In Linux, a port is a logical communication endpoint that is associated with a running service in the operating system. Ports are entirely managed by the operating system, and each port is associated with a specific service. Ports help administrators identify which services are running on the system.
Each port is usually assigned a number. Port numbers span from 0 to 65535. Ports lower than 1024 are referred to as privileged ports and are used for special protocols. For example, web traffic (HTTP) goes through port 80, while SSH listens to port 22. Ports greater than 1024 are called non-privileged ports and can be used for test purposes. For example, you can configure your webserver to run on one of those ports instead of its default port number.
In this guide, we will focus on how you can find out which processes are listening on which ports in Linux. We have used Ubuntu 20.04 for demonstration purposes.
Using the netstat Linux command
The Linux Netstat command is a portmanteau of the words network and statistics. As you might have guessed, it’s a command-line utility for displaying network & protocol statistics on a Linux system. Additionally, it allows you to print out the routing table, status of TCP & UDP endpoints, and information about your network interfaces.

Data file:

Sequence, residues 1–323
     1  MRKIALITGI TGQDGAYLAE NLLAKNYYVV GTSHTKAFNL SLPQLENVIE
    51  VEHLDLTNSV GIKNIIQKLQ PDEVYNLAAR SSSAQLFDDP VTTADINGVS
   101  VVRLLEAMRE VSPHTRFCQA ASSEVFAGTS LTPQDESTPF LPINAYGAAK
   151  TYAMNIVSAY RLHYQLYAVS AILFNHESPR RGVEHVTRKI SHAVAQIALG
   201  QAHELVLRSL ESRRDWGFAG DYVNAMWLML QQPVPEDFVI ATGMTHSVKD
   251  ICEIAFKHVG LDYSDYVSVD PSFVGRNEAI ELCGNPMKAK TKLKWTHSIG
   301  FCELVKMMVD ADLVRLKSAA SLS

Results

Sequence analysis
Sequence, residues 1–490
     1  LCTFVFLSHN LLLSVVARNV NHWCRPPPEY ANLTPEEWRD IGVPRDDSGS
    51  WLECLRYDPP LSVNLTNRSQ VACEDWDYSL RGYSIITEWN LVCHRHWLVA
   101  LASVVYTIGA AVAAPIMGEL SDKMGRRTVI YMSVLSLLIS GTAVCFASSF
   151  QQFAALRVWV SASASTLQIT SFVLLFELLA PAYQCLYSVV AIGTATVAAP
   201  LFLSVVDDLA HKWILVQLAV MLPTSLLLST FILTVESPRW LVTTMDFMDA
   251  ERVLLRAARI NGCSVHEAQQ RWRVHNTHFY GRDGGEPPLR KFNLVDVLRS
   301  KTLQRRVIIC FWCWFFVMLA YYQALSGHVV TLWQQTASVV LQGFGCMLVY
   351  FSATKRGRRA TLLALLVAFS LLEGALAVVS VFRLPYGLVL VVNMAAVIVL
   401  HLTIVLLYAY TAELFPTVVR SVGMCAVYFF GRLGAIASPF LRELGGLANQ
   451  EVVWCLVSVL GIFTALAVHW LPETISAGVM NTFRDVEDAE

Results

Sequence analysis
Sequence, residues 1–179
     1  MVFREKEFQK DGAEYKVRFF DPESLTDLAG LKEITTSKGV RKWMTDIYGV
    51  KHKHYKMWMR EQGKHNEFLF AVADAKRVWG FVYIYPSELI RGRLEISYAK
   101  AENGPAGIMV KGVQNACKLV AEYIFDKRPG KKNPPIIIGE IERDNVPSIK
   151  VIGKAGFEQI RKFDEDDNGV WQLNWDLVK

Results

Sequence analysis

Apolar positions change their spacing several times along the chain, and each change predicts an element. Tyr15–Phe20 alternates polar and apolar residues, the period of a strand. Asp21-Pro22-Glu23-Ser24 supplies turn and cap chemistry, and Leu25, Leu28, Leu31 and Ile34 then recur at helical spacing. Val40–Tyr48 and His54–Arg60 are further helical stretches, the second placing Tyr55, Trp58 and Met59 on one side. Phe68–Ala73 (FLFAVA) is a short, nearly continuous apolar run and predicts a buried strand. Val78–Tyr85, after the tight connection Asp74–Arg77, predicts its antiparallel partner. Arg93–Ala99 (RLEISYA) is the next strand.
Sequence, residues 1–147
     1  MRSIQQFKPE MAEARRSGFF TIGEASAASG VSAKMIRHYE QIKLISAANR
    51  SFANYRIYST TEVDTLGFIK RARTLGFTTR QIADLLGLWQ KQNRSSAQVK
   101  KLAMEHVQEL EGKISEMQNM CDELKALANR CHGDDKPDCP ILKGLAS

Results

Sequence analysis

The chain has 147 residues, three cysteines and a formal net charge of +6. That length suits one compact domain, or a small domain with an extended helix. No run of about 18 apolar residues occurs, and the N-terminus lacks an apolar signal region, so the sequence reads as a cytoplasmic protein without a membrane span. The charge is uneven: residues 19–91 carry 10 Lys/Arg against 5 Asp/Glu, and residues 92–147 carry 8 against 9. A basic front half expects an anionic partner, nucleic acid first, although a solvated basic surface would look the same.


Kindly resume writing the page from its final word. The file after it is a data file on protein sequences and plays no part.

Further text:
To view which process is listening to a particular port, use the syntax below:
# netstat -pnltu | grep -w port_number
Let’s break down the list of options:
p – Displays process name and ID
n – Displays port address
l – Lists listening sockets only
t – Prints out TCP connections
u – Prints out UDP connections
In the example below, we are probing for the service listening on port 80.
# netstat -pnltu | grep -w 80
The output indicates that it is the Apache webserver service that is listening on port 80.
To check the service listening on port 3306. Execute:
# netstat -pnltu | grep -w 3306
Using the lsof command
An acronym for List Open Files, the lsof command is a command used for revealing open files & directories. With the -i option, it can reveal the services listening to a particular port.
In the example below, we are searching for the service listening to TCP port 22, which is the SSH (Secure Shell) service.
# lsof -i TCP:22
Using the fuser command
Lastly, we have the fuser command. The fuser utility is a smart command-line tool that is used for locating processes using a socket, a file, or alternatively, a directory. It also does many things such as displaying the type of process, PID of each process, the user that owns the process.
To use fuser to find out the service listening to a port, first, find out the PID of the process as shown.
# fuser 22/tcp
Thereafter proceed and invoke the ps command to reveal the name of the service. Note that 34093 is the PID of the process that we got from the previous command
# ps -p 34093 -o comm=
We have illustrated 3 ways that you can use to reveal the processes that are listening to particular ports on your Linux system. We are hopeful that you can now do so without any issues.
Karim Buzdar holds a degree in telecommunication engineering and holds several sysadmin certifications including CCNA RS, SCP, and ACE. As an IT engineer and technical author, he writes for various websites.